|2004||44.93% 2,965||53.46% 3,528||1.61% 106|
|2000||34.61% 2,053||63.80% 3,784||1.59% 94|
|1996||26.24% 1,461||72.31% 4,026||1.45% 81|
|1992||34.78% 2,275||65.22% 4,267||0.00% 0|
|1988||48.65% 3,033||50.87% 3,171||0.48% 30|
|1984||46.17% 3,112||53.83% 3,629||0.00% 0|
|1980||42.25% 3,067||57.60% 4,181||0.15% 11|
|1976||40.99% 2,743||58.86% 3,939||0.15% 10|
|1972||45.48% 2,940||54.37% 3,515||0.15% 10|
|1968||24.91% 1,714||75.09% 5.168||0.00% 0|
|1964||26.57% 1,922||73.43% 5,311||0.00% 0|
|1960||26.53% 2,986||73.47% 8,271||0.00% 0|
At the presidential level, Pemiscot County, lying in the Missouri Bootheel (one of the regions in Missouri most associated with the American South), was powerfully Democratic from shortly after the Civil War through 2000. From 1868 through 2000, it voted Republican only in Harding's, Hoover's, Nixon's, and Reagan's national landslides in 1920, 1928, 1972, and 1984, respectively. In 1968, it was the only county in Missouri to vote for George Wallace.
In 2004, George W. Bush flipped the county from blue to red, albeit narrowly, and since then, the county has solidified its standing as a Republican bastion. As of 2020, the county has voted Republican five times in a row, with the Republican vote share increasing in every election. In 2008, Pemiscot County swung the most Republican of all the counties in the state, as McCain improved on Bush's vote share by fully 6.2%, already besting not only Bush but every Republican to have carried the county in at least the prior hundred years apart from Nixon in 1972. In 2020, Donald Trump posted the best showing for a Republican in the county in at least over a century, with his nearly 72% exceeding Nixon's 70%.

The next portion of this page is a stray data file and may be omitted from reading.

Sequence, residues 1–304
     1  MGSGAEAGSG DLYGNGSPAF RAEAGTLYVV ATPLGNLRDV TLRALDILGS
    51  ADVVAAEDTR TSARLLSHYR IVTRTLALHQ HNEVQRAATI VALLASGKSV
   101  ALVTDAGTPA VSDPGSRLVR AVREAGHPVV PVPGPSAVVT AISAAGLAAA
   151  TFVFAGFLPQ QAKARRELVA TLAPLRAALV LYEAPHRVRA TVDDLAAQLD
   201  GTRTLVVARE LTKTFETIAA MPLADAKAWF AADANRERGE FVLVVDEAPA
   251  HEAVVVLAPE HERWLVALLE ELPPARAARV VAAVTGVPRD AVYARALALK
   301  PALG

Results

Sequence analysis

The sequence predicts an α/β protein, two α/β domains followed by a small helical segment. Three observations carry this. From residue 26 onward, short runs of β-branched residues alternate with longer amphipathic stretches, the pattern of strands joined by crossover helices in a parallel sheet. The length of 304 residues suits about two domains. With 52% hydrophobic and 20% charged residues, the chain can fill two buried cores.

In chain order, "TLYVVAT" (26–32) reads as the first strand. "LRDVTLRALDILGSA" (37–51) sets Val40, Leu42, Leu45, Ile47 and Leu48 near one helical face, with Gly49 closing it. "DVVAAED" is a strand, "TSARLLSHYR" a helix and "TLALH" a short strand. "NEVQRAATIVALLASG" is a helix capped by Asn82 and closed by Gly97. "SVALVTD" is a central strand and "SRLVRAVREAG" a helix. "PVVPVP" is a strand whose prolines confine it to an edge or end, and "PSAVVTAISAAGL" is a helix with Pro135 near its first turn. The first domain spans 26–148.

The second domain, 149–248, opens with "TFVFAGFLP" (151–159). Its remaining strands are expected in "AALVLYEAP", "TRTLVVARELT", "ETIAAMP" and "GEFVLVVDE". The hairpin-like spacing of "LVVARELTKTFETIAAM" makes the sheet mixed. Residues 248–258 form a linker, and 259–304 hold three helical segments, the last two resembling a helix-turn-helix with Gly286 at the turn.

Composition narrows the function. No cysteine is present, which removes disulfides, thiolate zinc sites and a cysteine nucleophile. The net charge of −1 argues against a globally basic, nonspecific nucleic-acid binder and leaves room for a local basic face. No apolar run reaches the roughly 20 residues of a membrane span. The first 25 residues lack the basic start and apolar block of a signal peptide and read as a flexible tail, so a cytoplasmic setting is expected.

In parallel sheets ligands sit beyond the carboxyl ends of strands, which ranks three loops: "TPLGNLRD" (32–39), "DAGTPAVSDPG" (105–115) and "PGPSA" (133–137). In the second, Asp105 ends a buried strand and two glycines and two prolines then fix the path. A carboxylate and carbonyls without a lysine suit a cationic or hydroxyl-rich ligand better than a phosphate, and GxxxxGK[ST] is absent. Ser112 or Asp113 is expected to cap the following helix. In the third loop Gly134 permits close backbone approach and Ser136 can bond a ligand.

As in most rural areas throughout Missouri, voters in Pemiscot County generally adhere to socially and culturally conservative principles, but are more moderate or populist on economic issues, typical of the Dixiecrat philosophy. In 2004, Missourians voted on a constitutional amendment to define marriage as the union between a man and a woman—it passed Pemiscot County with 84.73 percent of the vote. The initiative passed the state with 71 percent of support from voters, as Missouri became the first state to ban same-sex marriage. In 2006, Missourians voted on a constitutional amendment to fund and legalize embryonic stem cell research in the state—it failed in Pemiscot County, with 52.41 percent voting against the measure. The initiative narrowly passed the state with 51 percent of support from voters, as Missouri became one of the first states in the nation to approve embryonic stem cell research. Despite Pemiscot County's longstanding tradition of supporting socially conservative platforms, voters in the county have a penchant for advancing populist causes, such as increasing the minimum wage. In 2006, Missourians voted on a proposition (Proposition B) to increase the minimum wage in the state to $6.50 an hour—it passed Pemiscot County with 78.01 percent of the vote. The proposition strongly passed every single county in Missouri with 78.99 percent voting in favor as the minimum wage was increased to $6.50 an hour in the state. During the same election, voters in five other states strongly approved increases in the minimum wage.